"Law's Stories" by Peter Brooks

Law's Stories Narrative and Rhetoric in the Law Peter Brooks, Paul Gewirtz

Publication date:
30 Mar 1998
Yale University Press
298 pages: 235 x 156mm

The law is full of stories, ranging from the competing narratives presented at trials to the Olympian historical narratives set forth in Supreme Court opinions. How those stories are told and listened to makes a crucial difference to those whose lives are reworked in legal storytelling. The public at large has increasingly been drawn to law as an area where vivid human stories are played out with distinctively high stakes. And scholars in several fields have recently come to recognize that law's stories need to be studied critically.

This notable volume—inspired by a symposium held at Yale Law School—brings together an exceptional group of well-known figures in law and literary studies to take a probing look at how and why stories are told in the law and how they are constructed and made effective. Why is it that some stories—confessions, victim impact statements—can be excluded from decisionmakers' hearing? How do judges claim the authority by which they impose certain stories on reality?

Law's Stories opens new perspectives on the law, as narrative exchange, performance, explanation. It provides a compelling encounter of law and literature, seen as two wary but necessary interlocutors.


J. M. Balkin

Peter Brooks

Harlon L. Dalton

Alan M. Dershowitz

Daniel A. Farber

Robert A. Ferguson

Paul Gewirtz

John Hollander

Anthony Kronman

Pierre N. Leval

Sanford Levinson

Catharine MacKinnon

Janet Malcolm

Martha Minow

David N. Rosen

Elaine Scarry

Louis Michael Seidman

Suzanna Sherry

Reva B. Siegel

Robert Weisberg

"A splendidly readable collection of essays. Anyone who derives satisfaction from watching the Court TV Channel would find it fascinating, for most of it is written without technicalities in the language that a reasonably intelligent jury (or judge) might not only understand but also stay awake to hear."?Clarence Brown, Trenton Times

"Law's Stories is a worthy attempt to fulfill the editors' hope to encourage more research on stories in and about the law and to expand the audience for it beyond the legal community. Those who are unfamiliar or untutored in narrative and rhetoric will find the contributions accessible and provocative. Those who are more experienced will enjoy sorting out the disagreements among the contributors and acquire a clearer sense of what is at stake here."?Ira L. Strauber, Law and Politics Book Review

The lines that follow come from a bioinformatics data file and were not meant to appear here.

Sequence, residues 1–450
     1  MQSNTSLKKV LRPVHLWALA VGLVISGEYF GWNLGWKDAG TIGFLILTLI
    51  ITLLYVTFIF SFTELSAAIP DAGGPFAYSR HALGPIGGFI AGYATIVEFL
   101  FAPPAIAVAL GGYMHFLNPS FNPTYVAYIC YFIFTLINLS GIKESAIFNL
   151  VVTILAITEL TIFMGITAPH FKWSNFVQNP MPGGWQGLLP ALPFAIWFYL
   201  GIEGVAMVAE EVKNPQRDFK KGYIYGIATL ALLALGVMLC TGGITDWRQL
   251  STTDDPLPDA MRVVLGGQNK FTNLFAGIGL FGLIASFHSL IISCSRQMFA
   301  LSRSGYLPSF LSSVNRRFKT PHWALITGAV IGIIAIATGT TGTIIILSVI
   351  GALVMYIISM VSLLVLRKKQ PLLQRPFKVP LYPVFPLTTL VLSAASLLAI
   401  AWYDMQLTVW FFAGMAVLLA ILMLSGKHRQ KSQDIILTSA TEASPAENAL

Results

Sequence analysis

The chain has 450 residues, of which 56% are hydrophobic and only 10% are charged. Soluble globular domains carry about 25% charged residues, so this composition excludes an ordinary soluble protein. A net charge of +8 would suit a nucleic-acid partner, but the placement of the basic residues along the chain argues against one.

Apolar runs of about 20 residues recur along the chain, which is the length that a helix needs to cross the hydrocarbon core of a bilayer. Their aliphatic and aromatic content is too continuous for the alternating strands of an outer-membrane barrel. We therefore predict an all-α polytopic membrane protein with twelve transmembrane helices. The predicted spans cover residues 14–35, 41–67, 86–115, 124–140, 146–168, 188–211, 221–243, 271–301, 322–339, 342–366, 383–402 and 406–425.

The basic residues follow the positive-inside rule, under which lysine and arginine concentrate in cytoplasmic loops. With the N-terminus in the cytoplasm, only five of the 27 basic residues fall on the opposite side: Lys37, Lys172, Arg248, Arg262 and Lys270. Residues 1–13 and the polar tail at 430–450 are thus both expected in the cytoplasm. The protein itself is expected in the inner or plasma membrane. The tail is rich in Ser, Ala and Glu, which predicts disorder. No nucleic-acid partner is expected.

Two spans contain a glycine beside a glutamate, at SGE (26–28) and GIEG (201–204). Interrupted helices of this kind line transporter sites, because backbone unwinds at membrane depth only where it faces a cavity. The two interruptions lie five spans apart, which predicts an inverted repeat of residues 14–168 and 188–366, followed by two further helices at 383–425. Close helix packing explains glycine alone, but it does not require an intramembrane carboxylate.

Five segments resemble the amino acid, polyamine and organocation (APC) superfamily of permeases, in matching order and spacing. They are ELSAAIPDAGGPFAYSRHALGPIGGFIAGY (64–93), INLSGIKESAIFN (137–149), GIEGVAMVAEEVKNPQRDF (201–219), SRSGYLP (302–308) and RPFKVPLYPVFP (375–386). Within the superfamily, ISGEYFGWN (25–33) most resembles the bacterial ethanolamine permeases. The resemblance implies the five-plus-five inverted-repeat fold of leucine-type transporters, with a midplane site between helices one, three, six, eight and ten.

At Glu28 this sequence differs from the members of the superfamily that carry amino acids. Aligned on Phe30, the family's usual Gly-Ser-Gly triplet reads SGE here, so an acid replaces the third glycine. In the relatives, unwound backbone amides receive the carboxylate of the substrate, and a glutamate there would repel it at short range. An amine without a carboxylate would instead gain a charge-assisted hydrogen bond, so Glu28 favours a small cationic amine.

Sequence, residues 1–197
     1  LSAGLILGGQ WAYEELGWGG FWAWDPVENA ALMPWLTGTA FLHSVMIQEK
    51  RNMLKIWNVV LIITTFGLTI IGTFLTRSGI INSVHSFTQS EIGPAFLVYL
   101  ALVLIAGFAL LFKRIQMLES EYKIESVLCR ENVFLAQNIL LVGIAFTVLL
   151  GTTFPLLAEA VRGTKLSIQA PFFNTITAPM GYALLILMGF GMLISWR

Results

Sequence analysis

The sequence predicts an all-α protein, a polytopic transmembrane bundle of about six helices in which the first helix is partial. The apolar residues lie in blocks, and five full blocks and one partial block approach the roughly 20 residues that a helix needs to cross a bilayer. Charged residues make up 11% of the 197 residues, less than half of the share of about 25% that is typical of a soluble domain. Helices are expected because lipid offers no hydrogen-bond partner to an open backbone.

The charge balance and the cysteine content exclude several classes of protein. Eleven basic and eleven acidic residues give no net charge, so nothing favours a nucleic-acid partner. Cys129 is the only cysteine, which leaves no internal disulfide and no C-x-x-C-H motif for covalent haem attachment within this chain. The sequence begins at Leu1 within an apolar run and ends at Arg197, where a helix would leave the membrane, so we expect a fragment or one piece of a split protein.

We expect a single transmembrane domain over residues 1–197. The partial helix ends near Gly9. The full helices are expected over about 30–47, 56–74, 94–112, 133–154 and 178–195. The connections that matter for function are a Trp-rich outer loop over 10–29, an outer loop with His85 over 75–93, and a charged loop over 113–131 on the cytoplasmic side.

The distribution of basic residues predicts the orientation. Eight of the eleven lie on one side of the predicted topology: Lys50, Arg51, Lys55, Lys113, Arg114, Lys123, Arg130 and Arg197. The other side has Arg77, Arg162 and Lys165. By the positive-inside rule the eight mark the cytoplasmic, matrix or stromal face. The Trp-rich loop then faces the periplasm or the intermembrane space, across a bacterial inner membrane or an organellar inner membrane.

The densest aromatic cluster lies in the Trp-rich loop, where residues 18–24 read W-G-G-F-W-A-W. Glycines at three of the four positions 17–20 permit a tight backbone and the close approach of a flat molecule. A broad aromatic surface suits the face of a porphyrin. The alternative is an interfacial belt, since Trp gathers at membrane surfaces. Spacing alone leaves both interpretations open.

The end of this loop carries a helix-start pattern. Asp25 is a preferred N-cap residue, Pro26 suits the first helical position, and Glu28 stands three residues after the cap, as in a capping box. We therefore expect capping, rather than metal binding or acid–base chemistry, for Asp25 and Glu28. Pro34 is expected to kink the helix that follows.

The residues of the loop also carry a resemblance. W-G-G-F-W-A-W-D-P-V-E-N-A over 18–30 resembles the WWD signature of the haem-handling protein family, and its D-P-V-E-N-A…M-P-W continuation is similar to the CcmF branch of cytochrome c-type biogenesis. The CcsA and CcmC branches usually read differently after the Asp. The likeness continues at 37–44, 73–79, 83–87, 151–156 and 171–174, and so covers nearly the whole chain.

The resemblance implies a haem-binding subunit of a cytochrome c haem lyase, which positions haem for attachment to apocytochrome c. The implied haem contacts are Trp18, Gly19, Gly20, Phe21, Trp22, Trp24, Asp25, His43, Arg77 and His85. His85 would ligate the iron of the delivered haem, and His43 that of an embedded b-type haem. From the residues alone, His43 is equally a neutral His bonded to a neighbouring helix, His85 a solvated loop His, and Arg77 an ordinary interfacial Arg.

"The volume is useful for anyone wanting an overview of this new field, and is indispensable to anyone interested in legal reasoning."?Choice

"Law's Stories offers an unusually rich perspective on the developing scholarship of narrative and rhetoric in the law. . . [The book] succeeds in bringing to the forefront of 'law as literature' studies a very crucial aspect of investigation and will undoubtedly become one of the touchstones of law and literature scholarship."?Wendy Chon, New York Law Journal

"Well edited and highly readable."?Judge Richard A. Posner, University of Chicago Law Review

"Each contribution is impressively individualistic, and the grateful reader can hardly avoid being drawn into strong-minded, largely unresolvable, controversy."?Thomas Morawetz, Connecticut Law Review

"This collection of essays does not disappoint. It explores the vast array of legal stories and offers trenchant and engaging analyses of those narratives. Indeed, many of the essays are fascinating examples of rhetorical criticism from scholars not likely to identify themselves as rhetorical critics and thus may enlighten and enhance the work of rhetorical critics concerned with the relationship between rhetoric and law. . . . Law's Stories offers challenging theoretical examinations of law's narrativity and insightful critical engagements with a range of legal storytelling. It will be a collection that provokes, teaches, and motivates those who try to understand the powerful and evolving relationship between rhetoric and the law."?Marouf A. Hasian, Jr. and Trevor Parry-Giles, Quarterly Journal of Speech